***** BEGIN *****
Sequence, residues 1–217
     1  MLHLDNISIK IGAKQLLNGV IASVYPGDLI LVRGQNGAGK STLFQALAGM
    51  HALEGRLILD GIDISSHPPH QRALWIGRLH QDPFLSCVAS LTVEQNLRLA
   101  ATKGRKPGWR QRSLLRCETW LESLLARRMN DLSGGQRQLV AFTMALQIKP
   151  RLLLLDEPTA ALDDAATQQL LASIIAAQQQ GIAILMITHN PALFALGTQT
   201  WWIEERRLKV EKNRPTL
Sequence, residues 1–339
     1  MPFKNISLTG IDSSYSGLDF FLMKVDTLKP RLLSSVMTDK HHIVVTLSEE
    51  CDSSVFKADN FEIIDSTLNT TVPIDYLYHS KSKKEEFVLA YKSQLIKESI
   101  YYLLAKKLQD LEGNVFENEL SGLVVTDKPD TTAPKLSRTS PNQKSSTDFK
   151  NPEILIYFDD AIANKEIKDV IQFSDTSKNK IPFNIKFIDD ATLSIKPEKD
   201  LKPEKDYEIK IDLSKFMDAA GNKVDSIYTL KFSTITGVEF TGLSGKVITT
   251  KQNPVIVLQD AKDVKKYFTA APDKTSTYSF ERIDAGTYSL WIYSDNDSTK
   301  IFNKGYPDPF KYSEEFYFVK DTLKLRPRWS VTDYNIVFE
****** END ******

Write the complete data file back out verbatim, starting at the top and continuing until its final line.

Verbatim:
Sequence, residues 1–217
     1  MLHLDNISIK IGAKQLLNGV IASVYPGDLI LVRGQNGAGK STLFQALAGM
    51  HALEGRLILD GIDISSHPPH QRALWIGRLH QDPFLSCVAS LTVEQNLRLA
   101  ATKGRKPGWR QRSLLRCETW LESLLARRMN DLSGGQRQLV AFTMALQIKP
   151  RLLLLDEPTA ALDDAATQQL LASIIAAQQQ GIAILMITHN PALFALGTQT
   201  WWIEERRLKV EKNRPTL
Sequence, residues 1–339
     1  MPFKNISLTG IDSSYSGLDF FLMKVDTLKP RLLSSVMTDK HHIVVTLSEE
    51  CDSSVFKADN FEIIDSTLNT TVPIDYLYHS KSKKEEFVLA YKSQLIKESI
   101  YYLLAKKLQD LEGNVFENEL SGLVVTDKPD TTAPKLSRTS PNQKSSTDFK
   151  NPEILIYFDD AIANKEIKDV IQFSDTSKNK IPFNIKFIDD ATLSIKPEKD
   201  LKPEKDYEIK IDLSKFMDAA GNKVDSIYTL KFSTITGVEF TGLSGKVITT
   251  KQNPVIVLQD AKDVKKYFTA APDKTSTYSF ERIDAGTYSL WIYSDNDSTK
   301  IFNKGYPDPF KYSEEFYFVK DTLKLRPRWS VTDYNIVFE